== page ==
“Fake” is a prevalent four letter F-word in our vernacular these days. A few examples:
- We have accusations of “fake news.”
- Entrepreneurs talk about “fake it til you make it” to succeed.
- Scammers create fake Facebook profiles to recruit “fake friends.”
- There are fake claims by products delivering skewed marketing.
- There are fake foods posing as nutritional.
- There are fake celebrities on social media.
- And there are fake statistics feeding the fake news as indicated by this article in Forbes magazine.
“Fake” seems to be a new reality these days. The Urban Dictionary has many uses for the word. Fake can mean everything from “phony” to “fabricate” with a few interpretations in between. You can fake a friendship, an identity, a story, a claim and many people still see it as real. In a world with so much information and misinformation being shared it’s hard to decipher the real from the fake.
Sometimes “fake” can be good. For animal lovers, wearing a fake fur is preferable over real. A fake bake spray-on tan is safer than going to a tanning salon. Fake eyelashes and wigs are beneficial to anyone facing medical hair loss. And yes, sometimes you do need to “fake it til you make it” to get your foot in the door and a leg up in business as long as you do it through hard work and not on the backs of others.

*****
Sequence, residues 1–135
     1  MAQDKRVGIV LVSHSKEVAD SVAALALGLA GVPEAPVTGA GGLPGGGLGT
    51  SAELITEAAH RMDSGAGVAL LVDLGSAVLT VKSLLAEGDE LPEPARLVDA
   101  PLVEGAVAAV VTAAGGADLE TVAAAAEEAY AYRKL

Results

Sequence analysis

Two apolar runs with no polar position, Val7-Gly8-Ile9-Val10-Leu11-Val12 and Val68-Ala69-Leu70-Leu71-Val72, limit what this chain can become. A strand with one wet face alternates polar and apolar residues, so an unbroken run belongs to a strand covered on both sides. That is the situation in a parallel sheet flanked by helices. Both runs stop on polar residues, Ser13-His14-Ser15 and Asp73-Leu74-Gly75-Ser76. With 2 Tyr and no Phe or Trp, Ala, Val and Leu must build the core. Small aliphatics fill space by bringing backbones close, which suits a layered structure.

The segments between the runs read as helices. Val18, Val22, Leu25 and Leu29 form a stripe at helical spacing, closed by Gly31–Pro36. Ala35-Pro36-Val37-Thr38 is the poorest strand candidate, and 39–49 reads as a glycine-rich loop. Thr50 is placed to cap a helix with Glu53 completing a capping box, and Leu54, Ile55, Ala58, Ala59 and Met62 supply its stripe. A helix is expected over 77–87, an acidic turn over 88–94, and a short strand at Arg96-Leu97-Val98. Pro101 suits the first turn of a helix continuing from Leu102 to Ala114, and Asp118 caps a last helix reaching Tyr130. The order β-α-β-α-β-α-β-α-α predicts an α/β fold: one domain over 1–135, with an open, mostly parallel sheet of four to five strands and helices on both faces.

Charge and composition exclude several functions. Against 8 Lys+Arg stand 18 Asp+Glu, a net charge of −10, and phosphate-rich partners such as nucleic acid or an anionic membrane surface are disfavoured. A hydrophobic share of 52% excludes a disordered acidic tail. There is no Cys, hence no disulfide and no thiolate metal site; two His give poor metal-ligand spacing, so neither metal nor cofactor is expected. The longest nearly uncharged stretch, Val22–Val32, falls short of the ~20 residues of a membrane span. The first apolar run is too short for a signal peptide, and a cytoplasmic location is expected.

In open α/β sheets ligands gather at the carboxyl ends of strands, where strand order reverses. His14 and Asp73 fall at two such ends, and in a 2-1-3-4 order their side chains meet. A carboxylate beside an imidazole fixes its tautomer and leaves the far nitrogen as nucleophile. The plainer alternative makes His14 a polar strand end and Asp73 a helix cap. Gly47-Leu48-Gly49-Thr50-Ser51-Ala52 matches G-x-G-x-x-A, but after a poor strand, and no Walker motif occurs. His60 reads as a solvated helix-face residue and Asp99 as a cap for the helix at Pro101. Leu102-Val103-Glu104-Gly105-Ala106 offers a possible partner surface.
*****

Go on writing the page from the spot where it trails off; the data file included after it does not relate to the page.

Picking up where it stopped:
But fabrication in science, nutrition, politics, media and other “reliable courses” is conning the public. And creating a fake person(a) to take advantage of others is wrong. Attempting to be and portray yourself as something and someone you are not in order to avoid facing your own reality is dangerous. Many people on social media, from influential Instagrammers to pervasive posters, have far less exciting real lives. Maybe that’s why anxiety is the #1 one mental health issue in the USA affecting 40 million Americans.
Sometimes when people can’t relate, they fabricate. Authentic is healthier than fake. #fearlessfabulousyou
Fake is for real. It’s up to us to learn to ask the questions, dig for better information and use our best judgement. And it’s up to us to stop comparing our lives to others. FOMO “fear of missing out” should not have us worrying about being elsewhere and avoiding our own reality. The real deal is being true to yourself. You need to embrace your own authenticity, slow down and not miss out on the things in your own life you are too distracted to enjoy. Consider it the LIMO Life- Living in the Moment.
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